Annan is teetering on his pedestalUNITED NATIONS, New York For years, Kofi Annan was seen at the United Nations as a Mandela-like figure, a statesman who brought a serene sense of personal confidence and institutional steadiness to the task of settling conflict and a person frequently likened to the organization's greatest secretaries general.
"He was almost a saint-like character, clearly the most respected UN leader since Dag Hammarskjold," said Timothy Wirth, president of the United Nations Foundation, referring to the Swedish Secretary General of the 1950s long considered the post's most distinguished occupant.
Today Annan is the embattled head of an organization at odds with its most powerful constituent, the United States, and the object of such personal scorn that critics of the United Nations - chief among them Senator Norm Coleman, a Minnesota Republican, whose Permanent Subcommittee on Investigations is scrutinizing the scandal-ridden United Nations oil-for-food program - are calling on him to resign.
Diplomats at the United Nations, caught by surprise at the broad assault on the organization and Annan, are alarmed at evidence that a campaign they felt was confined to conservative Republicans angry over UN opposition to the Bush administration invasion of Iraq is spreading so rapidly.
"The danger now is that a group of people who want to destroy or paralyze the UN are beginning to pick up support from some of those whose goal is to reform it," said Richard Holbrooke, the U.S. ambassador to the United Nations under President Bill Clinton, and an Annan booster.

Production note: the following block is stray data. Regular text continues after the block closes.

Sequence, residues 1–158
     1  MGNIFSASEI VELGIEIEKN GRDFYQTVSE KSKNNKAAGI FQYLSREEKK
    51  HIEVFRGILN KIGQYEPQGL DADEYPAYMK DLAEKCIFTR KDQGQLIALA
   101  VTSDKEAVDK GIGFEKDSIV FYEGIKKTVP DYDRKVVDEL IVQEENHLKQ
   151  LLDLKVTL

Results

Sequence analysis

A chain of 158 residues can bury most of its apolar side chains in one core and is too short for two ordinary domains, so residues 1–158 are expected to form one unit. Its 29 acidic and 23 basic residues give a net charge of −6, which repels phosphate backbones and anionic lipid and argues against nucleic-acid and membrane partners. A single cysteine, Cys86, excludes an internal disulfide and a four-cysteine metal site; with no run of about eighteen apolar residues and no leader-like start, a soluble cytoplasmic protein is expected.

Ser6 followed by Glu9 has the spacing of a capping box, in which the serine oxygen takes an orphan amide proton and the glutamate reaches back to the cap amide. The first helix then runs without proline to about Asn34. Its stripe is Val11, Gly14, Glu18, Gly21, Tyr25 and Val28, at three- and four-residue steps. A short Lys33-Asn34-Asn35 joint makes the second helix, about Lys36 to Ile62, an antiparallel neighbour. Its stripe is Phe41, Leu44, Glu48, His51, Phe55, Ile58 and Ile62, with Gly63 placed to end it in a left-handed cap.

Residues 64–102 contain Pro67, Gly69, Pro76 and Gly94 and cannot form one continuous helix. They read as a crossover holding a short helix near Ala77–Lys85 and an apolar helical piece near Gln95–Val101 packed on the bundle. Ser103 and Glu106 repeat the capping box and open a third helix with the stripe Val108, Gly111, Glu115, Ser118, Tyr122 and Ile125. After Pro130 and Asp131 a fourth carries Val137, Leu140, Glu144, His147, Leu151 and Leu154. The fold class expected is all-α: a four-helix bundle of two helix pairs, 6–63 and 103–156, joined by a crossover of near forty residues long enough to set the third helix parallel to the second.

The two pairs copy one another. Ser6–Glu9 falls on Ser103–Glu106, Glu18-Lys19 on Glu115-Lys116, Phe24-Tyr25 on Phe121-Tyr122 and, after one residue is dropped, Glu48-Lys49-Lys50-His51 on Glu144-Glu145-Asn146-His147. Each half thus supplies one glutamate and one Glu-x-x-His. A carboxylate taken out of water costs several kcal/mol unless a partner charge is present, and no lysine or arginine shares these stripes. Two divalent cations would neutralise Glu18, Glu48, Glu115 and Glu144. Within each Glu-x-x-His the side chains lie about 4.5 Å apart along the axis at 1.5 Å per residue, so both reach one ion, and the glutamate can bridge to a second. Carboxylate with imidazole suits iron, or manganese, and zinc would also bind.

"He had the moral authority of the Nobel Prize, the respect and indeed the affection of everyone who knew him, and he still has the affection, but the Nobel prize has become an ironic fading memory, and he is in danger of losing the support of people who care about the UN."
The calls for him to step aside come at a time when a report he commissioned from an international panel of politicians and statesmen has just been published laying out a path for sweeping reforms at the United Nations - the mission he adopted and pursued on coming into office in 1997 and one he had hoped would be his legacy on his scheduled departure at the end of 2006.
A Ghanaian educated in the United States, Annan came to office in 1997 as an American-backed champion of reform, succeeding Boutros Boutros-Ghali of Egypt, whom the United States had effectively barred from a second term because of his tone-deafness to Washington's demands for administrative and financial change.
Once in office, Annan managed to gain the confidence of figures in Washington like Jesse Helms, the Senate Foreign Relations Committee chairman, who had been openly hostile to the United Nations under his predecessor. On being awarded the Nobel Peace Prize in December 2001, he told associates that the most gratifying part of the citation for him was the language lauding him for revitalizing the United Nations.
Fred Eckhard, a spokesman for Annan, turned aside questions about a possible resignation, saying he had heard no such calls from any of the 191 member states. "He is intent on continuing his substantive work for the remaining two years and one month of his term."
There is no provision in the UN Charter for removal of a secretary general, who is chosen by the General Assembly at the recommendation of the Security Council countries. Five Council members, Russia, Chile, Britain, Germany and Spain, and a number of other countries made public declarations backing him Thursday, and the 54 African member states sent a letter of support.